Ian Seeto has rewritten the record books by becoming the first angler to be crowned the Australian Open champion twice in consecutive years. Seeto’s 15/15, 9.82kg, was enough to take the win by 310g from a fast finishing Scott Butler. Consistent tournament limits over 3kg each day paved the way for the victory and in the end the challengers were unable to prize the coveted trophy from his grip.
Seeto announced himself on the tournament fishing scene by taking out the 2012 Australian Open title, but faced an up hill battle to even stand a chance of defending his title. Surgery and the birth of his second child took precedence in the lead up to the event. But in the end, with little preparation, the competitive juices couldn’t be held at bay and Seeto returned to take on Australia’s best BREAMERS over three days on Sydney Harbour. History will show that Seeto accomplished something never before achieved. By overcoming considerable odds, Seeto’s story reminds us all that with the support of family and friends the most daunting challenges can seem achievable.
Let’s dissect how Seeto beat the odds to go back to back at the 2013 Yamaha BREAM Australian Open:
“My prefish was based around revisiting the same locations that I had fished during my 2012 Australian Open. I also explored edges, rocky points, docks and new pontoons. This was to give me a few alternatives and more importantly observe how the fish were behaving.
On day one he targeted marinas using crankbaits, specifically the Atomic deep 38 in muddy prawn colour. He would retro fit this lure with Decoy YS 25 size 14 trebles. These trebles are a wider gape and are his confidence hook. He had his five fish in half an hour. Seeto then rotated between marinas and boats. During the second half of the run-in tide, he targeted pontoons and jetties in the middle reaches of the harbour. In all, he had secured eight upgrades throughout the session.
“On day two I used the same pattern as day one. I had my limit in the first 20 minutes of the session. The second day of the tournament was far sunnier than the first, but despite this the impact on the fishing was minimal. Crankbaits were again my key lure. I upgraded 4-5 times during the session”.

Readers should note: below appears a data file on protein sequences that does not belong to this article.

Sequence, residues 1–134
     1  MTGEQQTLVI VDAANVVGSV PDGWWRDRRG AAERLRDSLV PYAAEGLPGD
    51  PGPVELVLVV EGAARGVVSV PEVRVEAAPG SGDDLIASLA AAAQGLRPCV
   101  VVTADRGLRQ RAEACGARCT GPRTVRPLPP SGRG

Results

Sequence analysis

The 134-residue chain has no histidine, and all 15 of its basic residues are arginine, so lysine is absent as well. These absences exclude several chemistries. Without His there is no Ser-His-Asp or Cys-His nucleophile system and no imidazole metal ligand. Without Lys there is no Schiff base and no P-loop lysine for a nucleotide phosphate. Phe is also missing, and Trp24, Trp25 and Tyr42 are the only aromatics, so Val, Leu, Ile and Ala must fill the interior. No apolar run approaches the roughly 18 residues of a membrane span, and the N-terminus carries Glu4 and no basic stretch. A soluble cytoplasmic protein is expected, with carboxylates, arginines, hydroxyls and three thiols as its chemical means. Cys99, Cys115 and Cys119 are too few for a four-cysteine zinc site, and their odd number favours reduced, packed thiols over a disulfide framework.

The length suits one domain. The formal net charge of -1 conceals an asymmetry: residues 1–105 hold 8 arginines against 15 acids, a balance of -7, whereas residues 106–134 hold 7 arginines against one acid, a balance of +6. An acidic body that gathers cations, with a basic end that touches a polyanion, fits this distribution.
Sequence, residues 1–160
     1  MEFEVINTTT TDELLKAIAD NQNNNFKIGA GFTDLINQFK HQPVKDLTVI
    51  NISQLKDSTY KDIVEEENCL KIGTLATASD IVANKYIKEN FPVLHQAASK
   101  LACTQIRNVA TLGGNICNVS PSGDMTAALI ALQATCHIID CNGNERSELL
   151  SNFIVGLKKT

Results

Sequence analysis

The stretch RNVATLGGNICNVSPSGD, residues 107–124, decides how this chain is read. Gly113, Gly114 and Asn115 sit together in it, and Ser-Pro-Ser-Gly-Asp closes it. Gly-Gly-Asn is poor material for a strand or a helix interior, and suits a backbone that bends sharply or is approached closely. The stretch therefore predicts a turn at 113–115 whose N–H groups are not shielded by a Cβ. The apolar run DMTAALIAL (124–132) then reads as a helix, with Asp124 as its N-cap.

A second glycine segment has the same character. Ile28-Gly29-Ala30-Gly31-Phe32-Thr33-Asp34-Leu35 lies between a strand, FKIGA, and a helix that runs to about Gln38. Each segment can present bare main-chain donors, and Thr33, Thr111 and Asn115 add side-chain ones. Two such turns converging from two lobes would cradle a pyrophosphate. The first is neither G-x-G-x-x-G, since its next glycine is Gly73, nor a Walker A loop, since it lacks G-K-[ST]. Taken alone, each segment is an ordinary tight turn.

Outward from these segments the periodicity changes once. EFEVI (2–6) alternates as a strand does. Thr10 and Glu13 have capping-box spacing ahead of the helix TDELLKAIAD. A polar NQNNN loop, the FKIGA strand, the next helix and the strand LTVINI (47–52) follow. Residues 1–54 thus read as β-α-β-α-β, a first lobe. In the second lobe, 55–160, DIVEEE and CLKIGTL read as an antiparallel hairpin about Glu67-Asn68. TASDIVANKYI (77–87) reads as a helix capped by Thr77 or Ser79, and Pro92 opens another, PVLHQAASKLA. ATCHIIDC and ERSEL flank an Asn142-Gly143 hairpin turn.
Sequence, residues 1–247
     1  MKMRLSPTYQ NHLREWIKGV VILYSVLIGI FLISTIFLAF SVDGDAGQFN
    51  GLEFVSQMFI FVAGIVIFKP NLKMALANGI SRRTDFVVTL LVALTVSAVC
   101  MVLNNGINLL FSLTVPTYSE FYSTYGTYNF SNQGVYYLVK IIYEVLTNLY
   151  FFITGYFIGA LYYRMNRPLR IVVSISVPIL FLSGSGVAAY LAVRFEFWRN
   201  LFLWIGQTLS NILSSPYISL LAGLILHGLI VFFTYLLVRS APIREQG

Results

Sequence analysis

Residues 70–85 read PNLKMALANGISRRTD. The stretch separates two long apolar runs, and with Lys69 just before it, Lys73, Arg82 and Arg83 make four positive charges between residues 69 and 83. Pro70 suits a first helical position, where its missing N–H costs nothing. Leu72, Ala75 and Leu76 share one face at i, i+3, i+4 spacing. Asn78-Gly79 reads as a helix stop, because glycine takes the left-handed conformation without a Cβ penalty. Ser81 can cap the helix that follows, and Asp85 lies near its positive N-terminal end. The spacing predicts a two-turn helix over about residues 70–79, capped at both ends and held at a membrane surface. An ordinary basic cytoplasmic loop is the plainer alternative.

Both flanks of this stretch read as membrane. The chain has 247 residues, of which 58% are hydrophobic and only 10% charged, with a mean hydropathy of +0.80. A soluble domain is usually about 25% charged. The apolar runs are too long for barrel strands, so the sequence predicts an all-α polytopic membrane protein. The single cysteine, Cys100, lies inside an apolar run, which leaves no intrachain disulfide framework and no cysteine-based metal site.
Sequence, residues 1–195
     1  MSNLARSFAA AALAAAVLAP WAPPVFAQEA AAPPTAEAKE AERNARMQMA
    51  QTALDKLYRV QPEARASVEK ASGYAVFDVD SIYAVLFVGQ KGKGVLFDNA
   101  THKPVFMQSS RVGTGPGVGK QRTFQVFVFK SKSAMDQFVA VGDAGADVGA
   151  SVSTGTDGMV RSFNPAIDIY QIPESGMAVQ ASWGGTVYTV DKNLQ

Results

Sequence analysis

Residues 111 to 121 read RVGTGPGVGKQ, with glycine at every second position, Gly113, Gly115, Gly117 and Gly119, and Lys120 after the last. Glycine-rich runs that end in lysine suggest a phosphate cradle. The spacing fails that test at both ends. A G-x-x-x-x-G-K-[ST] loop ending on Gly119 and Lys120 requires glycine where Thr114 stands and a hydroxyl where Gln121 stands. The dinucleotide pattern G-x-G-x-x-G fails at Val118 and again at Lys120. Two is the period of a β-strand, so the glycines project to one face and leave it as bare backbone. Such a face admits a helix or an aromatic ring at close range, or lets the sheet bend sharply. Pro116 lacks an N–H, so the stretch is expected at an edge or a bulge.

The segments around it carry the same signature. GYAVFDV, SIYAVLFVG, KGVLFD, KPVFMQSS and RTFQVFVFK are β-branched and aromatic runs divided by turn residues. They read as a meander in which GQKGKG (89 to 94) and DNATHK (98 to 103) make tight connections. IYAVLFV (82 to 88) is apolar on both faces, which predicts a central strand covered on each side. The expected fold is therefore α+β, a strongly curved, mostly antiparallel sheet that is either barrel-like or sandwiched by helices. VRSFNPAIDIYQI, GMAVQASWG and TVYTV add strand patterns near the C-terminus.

Seeto knew looking at the weather forecast that conditions were going to change for day three. This was evident after the first hour as the successful pattern from his day one and two had yielded only three fish. He knew the fish had gone deeper. “During the prefish I had noticed fish holding on poles. I took a punt and decided to target fish holding deeper on this structure”.
He used a Keitech 3" Little Spider in olive green colour rigged on a 1/20oz jighead. He cast the lure tight to the pole and let it sink to the bottom. He would let it sit for 10 seconds before slow lifting the lure to check for weight. It was slow fishing. He would then cast a crankbait between targeting the poles to cover the area effectively.
By 10.30am Seeto had his five fish limit. He continued rotating between rocky points, edges and pontoons. The wind had significantly become stronger throughout the day. He made the decision to target areas that had wind, tide and wash pushing into them. His thought process was twofold; other anglers were generally looking for shelter from these conditions and as a consequence the areas were less pressured. Three upgrades followed for the remainder of the session.
“On the way to the weigh in I was resigned to the fact that my fate was in the hands of the other anglers. I saw that a number of other anglers had struggled during the session. It was a tougher session and I thought that maybe I would finish in the prize money. As the bags went through I realised it was going to be close. After I replaced Scott Butler in the hot seat I was relaxed, but still nervous. The last two anglers came to the weigh in and unfortunately hadn’t got their limit. In the end my fish were enough to take the win by just over 300g”.